up by the rebels, and in hospital tents. The medical officers attached are Brigade Surg. W. H. White, Volunteers; Drs. F. J. Ainsworth Joel Seaverns, W. Lamb, Beurine Carpenter, F. A. Howe, Jonathan Brown, Henry H. Fuller, A. J. Cummings, J. H. Morse, G. S. Hitchcock, and J. Q. A. McAllister-all from Massachusetts on contract. This hospital has been organized by one of my assistants, Dr. C. R. Greenleaf, U. S. Army, and until yesterday was officered by regimental medical officers left behind with their sick. After I had made the contracts with the Massachusetts gentlemen I sent eleven of them to relieve the commissioned officers, and ordered the latter to their regiments.
II. At White House, Va. This hospital consists of 105 hospital tents at present-all I have been able to command. It will probably be extended when more are received. One-half of these tents have been furnished with plank banquettes. The remainder will be similarly furnished when the lumber can be procured. Brigade Surg. J. H. Baxter, Volunteer service, is at present in charge. He is to be relieved by Brigade Surg. A. T. Watson in a few days. Drs. Alexander Bicker, of New York; W. K. Fletcher, L. D. Seymour, Benj. Campbell, of Massachusetts; A. E. Stocker, Asa Millett, Joseph Underwood, Francis C. Greene, and F. Leb. Monroe are the surgeons in attendance. When this hospital was organized, the medical service was performed gratuitously by Drs. Cogswell, Swinburne, Lansing, Willard, and Kneeland of New York, and Drs. Page and Hall, of Massachusetts. They were relieved on the 26th by the contract physicians above mentioned.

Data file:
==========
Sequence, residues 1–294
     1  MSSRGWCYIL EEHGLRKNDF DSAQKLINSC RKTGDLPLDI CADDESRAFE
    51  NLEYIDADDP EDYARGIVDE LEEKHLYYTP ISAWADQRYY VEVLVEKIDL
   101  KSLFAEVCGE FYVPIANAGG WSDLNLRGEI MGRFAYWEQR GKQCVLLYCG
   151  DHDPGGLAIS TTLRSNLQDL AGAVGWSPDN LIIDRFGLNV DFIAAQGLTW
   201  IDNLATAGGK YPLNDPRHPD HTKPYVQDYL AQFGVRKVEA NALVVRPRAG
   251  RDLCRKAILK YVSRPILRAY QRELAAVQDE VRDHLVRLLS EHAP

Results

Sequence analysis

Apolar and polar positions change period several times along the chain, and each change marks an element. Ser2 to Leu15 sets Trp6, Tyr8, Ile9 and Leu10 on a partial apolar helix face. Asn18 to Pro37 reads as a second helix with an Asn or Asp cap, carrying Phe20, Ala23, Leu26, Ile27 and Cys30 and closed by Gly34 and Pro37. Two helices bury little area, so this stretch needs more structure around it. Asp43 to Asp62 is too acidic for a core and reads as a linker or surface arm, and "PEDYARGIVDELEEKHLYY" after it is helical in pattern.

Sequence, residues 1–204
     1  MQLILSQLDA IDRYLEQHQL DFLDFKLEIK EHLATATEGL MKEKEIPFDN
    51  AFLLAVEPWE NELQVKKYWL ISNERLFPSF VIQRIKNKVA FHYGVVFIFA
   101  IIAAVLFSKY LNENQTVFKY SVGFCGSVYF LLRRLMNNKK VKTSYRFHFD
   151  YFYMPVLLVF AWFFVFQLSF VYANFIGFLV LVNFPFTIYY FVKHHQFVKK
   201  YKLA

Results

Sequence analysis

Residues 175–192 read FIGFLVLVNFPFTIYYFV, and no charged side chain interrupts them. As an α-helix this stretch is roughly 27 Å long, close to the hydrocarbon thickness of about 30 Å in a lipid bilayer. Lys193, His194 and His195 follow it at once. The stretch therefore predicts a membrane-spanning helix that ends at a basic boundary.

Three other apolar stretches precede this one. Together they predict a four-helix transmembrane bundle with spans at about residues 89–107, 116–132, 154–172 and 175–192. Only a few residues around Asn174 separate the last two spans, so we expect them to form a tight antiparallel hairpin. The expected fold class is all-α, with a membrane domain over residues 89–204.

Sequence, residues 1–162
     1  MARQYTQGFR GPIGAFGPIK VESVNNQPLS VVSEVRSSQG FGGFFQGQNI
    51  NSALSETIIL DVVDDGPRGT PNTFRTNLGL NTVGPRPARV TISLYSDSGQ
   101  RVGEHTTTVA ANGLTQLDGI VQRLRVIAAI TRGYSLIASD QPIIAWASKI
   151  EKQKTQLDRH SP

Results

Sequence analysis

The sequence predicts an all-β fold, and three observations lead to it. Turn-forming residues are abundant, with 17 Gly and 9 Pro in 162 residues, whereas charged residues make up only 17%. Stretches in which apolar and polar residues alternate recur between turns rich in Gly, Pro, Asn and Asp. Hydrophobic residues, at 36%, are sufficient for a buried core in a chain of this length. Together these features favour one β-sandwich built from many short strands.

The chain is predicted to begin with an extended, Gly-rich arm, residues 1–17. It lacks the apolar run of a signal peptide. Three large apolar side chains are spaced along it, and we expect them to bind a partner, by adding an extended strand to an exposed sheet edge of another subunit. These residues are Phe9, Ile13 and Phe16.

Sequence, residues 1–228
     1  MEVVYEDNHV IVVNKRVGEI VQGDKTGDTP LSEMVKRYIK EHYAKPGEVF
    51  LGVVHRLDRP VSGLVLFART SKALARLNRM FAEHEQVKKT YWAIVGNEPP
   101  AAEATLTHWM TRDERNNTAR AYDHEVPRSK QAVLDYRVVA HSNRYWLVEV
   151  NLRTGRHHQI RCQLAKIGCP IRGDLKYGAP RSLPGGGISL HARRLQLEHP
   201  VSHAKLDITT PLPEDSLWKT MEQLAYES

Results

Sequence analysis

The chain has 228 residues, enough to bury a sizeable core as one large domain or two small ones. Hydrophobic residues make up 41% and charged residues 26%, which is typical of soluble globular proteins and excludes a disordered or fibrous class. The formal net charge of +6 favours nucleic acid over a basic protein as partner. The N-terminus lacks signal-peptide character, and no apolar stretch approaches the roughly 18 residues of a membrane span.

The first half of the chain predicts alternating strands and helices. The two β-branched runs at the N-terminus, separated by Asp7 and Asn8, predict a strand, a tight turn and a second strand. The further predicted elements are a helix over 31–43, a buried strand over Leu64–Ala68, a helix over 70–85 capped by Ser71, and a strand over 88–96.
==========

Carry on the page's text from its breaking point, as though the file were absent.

Very respectfully, your obedient servant,
CHS. S. TRIPLER,
Surgeon and Medical Director Army of the Potomac.
Brigadier General W. A. HAMMOND,
Surgeon-General U. S. Army, Washington, D. C.
HEADQUARTERS ARMY OF THE POTOMAC,
Medical Director's Office, June 22, 1862.
GENERAL: I have the honor to report that in obedience to your instructions I proceeded to White House on Friday afternoon (20), and returned yesterday, I called upon Colonel Ingalls, and in company with him examined the house know as the White House, as well as the outbuildings, grounds, and spring. The house is two stories in height, with two small rooms on each floor, a cellar under the main building, and with no attic. The four rooms in the main building can each accommodate 5 patients. One of the wings can accommodate 3 or perhaps 4 patients; the other is a sort of pantry, and has on one side the opening for the stairway to descend into the cellar. This room is unfit for any other purpose than a dispensary or kitchen. The cellar is dark, damp, and foul, and, in my opinion, should of itself forbid the occupation of the house as a hospital. The greatest number of sick the house can accommodate is, then 24, leaving no room for the nurses. The outbuildings are entirely unfit for hospital purposes.
The grounds consist of a law, shaded by locust trees, and a kitchen garden. The lawn affords room for about 25 hospital tents. The kitchen garden is of loose soil, parts of it rather low, and in wet weather would be muddy and uncomfortable. By ditching it might be drained. The spring is at the foot of the bank, near the dairy-house.